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Processing the RNA Transcript

Before the pre-mRNA leaves the nucleus to be translated, three additional events occur (see Figure 6.2): 
  • A 5’ cap is added. This is a special nucleotide which is added to the 5’ end of the message. It contains a methyl group and a phosphate group. The function of the cap is to help regulate translation.
  • A poly A tail is attached to the 3’ end. This long string of 100-200 adenine nucleotides helps to regulate the degradation of the transcript after it leaves the nucleus.
  • The transcript is spliced. In eukaryotic genes, the coding regions of the DNA (exons) are interspersed with noncoding regions (introns). After the gene is transcribed, the introns are cut, or spliced, from the pre-mRNA so they never are translated. Why does the DNA contain these sequences if they ultimately do not code for the final protein product? It turns out that the presence of introns in the pre-mRNA is necessary for transport of the message out of the nucleus (the splicing machinery appears to be coupled with transport). In addition, alternative splicing can occur, which results in some exons being removed from the message. Thus, different messages can be made and, ultimately, different proteins can be coded for by the same gene. It is also believed introns play a role in evolution, allowing different regions of genes (i.e. the exons) to be rearranged, leading to new proteins.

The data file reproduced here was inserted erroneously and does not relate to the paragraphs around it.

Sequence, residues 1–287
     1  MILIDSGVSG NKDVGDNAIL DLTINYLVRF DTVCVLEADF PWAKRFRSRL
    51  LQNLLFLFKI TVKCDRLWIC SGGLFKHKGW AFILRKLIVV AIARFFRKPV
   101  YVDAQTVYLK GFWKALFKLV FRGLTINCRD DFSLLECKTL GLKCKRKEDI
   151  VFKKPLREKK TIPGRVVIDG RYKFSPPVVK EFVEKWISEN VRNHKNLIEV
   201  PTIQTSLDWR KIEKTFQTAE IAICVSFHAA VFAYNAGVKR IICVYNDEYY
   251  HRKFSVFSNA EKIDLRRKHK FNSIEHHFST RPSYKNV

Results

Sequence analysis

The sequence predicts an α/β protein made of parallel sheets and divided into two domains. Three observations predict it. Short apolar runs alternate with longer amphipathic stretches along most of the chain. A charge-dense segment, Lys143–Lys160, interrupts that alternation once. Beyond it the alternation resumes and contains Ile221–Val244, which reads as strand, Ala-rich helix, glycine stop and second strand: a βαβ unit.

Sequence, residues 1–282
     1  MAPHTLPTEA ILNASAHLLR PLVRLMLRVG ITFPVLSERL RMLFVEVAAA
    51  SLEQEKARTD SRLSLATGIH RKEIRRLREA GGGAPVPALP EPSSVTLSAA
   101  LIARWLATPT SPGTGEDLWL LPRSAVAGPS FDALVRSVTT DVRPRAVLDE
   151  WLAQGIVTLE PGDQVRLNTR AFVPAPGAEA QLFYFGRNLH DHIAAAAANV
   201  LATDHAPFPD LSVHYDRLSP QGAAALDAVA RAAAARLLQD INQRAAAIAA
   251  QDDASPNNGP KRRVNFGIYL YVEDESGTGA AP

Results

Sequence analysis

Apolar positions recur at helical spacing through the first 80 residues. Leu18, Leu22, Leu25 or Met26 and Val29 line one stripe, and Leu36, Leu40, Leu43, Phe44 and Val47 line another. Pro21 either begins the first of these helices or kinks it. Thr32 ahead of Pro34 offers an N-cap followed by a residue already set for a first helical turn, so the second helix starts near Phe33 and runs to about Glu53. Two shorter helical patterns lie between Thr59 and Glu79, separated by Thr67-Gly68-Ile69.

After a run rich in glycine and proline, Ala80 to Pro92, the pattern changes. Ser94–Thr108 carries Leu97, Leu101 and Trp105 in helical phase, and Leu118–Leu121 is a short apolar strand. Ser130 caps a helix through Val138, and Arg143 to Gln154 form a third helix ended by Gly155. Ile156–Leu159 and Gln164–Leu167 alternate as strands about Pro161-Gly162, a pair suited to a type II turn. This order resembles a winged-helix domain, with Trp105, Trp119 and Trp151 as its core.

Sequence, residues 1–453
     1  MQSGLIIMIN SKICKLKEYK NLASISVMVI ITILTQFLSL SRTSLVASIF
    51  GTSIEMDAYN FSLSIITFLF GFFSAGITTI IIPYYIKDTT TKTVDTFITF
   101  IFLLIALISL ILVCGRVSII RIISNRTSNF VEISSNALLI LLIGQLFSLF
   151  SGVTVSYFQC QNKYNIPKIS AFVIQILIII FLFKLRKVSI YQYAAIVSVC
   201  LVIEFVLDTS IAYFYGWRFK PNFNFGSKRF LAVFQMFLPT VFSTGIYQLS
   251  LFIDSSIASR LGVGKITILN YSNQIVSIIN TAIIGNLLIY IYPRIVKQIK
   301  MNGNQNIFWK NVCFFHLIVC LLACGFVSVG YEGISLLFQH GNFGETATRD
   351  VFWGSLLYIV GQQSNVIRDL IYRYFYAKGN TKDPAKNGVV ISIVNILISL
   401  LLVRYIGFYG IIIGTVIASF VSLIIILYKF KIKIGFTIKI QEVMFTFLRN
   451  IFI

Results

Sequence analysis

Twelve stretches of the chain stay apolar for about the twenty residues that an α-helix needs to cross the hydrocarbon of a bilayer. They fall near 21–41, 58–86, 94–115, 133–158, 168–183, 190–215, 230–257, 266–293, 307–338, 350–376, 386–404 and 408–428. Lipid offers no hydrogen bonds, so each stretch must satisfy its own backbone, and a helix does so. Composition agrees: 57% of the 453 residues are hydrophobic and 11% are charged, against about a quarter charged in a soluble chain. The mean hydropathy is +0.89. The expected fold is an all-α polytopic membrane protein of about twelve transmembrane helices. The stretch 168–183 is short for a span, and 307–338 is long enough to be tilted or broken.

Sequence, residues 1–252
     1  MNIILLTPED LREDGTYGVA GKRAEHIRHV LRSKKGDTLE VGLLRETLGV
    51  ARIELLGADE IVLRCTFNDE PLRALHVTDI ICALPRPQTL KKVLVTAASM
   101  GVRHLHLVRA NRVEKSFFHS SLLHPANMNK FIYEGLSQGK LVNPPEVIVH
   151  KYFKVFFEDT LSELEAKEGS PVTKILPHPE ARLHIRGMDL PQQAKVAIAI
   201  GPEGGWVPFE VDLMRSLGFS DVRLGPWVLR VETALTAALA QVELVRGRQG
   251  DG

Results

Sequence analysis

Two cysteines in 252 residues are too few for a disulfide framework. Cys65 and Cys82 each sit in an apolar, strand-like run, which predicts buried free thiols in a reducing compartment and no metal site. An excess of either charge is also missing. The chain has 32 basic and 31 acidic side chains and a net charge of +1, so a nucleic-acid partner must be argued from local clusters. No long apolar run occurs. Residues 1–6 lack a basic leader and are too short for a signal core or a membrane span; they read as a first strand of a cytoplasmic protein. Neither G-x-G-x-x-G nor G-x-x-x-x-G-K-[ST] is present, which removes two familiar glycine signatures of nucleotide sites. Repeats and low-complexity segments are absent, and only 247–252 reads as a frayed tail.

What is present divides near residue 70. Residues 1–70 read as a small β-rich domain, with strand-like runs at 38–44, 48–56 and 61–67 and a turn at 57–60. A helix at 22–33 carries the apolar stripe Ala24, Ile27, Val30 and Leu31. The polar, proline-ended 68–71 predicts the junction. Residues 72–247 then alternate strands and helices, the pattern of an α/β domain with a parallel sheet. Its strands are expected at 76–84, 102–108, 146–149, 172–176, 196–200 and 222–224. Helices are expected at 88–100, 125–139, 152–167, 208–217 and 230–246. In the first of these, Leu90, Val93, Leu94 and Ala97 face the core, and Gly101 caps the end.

Transcription and translation


Once the fully processed mRNA (now called the mature mRNA) has been transported out of the nucleus and into the cytoplasm, it can be translated into a protein.

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